Despite efforts, Peru’s coca-growing areas still growing, says UN

(LIP-jl) — According to its annual report, the United Nations says the amount of land used to cultivate coca, the primary ingredient used to produce tea (consumed in the Andes) and cocaine -and its many forms, has increased and is the world’s second largest producer of the coca plant.

The report released by the U.N. Office on Drugs and Crime in Lima indicated a 7 percent growth in the amount of Peruvian land used to grow the often illicit crop, maintaining the Andean nation as the world’s second largest coca plant grower behind Colombia.

The area dedicated to coca cultivation increased from 120,000 acres registered in 2005 to 128,500 acres registered during 2006.

Aldo Lale-Demoz, head of the U.N. Office on Drug and Crime in Lima, Peru, informed that Peru’s coca plant cultivation growth was mainly concentrated in the Alto Huallaga River Valley (San Martin/Huanuco) and the Aguaytia River regions.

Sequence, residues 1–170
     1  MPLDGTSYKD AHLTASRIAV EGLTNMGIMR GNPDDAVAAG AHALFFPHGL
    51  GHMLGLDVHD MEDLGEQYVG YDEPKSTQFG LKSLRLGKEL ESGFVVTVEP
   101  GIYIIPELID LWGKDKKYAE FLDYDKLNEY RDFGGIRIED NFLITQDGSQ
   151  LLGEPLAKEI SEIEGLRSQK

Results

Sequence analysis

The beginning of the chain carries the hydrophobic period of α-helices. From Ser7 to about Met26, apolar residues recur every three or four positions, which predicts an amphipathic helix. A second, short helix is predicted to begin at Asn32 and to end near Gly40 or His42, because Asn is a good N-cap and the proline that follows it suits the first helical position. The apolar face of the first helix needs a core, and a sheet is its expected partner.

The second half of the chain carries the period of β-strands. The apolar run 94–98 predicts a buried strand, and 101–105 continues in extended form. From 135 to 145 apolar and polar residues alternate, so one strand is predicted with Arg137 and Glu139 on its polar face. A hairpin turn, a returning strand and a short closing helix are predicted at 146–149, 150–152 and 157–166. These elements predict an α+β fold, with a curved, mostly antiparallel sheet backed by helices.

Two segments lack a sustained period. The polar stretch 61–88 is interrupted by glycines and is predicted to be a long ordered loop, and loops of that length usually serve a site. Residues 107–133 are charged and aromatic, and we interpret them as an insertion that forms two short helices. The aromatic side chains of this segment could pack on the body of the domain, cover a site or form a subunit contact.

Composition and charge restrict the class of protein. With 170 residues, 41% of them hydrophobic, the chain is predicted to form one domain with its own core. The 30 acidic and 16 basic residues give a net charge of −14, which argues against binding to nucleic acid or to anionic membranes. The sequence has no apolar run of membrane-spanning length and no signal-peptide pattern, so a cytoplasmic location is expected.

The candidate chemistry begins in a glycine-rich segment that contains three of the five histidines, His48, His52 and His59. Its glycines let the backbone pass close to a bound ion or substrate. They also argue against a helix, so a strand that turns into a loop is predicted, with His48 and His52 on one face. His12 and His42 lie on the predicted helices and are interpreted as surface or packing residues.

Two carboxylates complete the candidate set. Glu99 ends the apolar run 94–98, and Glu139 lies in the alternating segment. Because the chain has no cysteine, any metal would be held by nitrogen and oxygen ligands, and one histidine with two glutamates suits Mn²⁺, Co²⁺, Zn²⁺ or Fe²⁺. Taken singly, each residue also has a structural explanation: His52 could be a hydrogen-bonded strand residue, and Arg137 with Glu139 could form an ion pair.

Other areas that reported significant gains in cultivation areas were located in the surroundings of the following rivers: the Marañon-Putumayo-Amazonas, Apurimac-Ene, La Convención-Lares, Palcazu-Pichis-Pachitea, San Gabán, and the Inambari-Tambopata.

The report also indicated that the total amount of harvested coca plants represented a potential cocaine production of 310 tons, an 8% jump from 2005 estimates.